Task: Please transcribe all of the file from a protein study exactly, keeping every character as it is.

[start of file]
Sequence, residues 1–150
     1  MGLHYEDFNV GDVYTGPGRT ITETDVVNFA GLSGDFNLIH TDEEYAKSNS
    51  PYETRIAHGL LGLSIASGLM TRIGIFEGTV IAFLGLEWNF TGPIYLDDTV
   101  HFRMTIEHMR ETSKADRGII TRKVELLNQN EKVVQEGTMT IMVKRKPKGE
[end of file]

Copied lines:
Sequence, residues 1–150
     1  MGLHYEDFNV GDVYTGPGRT ITETDVVNFA GLSGDFNLIH TDEEYAKSNS
    51  PYETRIAHGL LGLSIASGLM TRIGIFEGTV IAFLGLEWNF TGPIYLDDTV
   101  HFRMTIEHMR ETSKADRGII TRKVELLNQN EKVVQEGTMT IMVKRKPKGE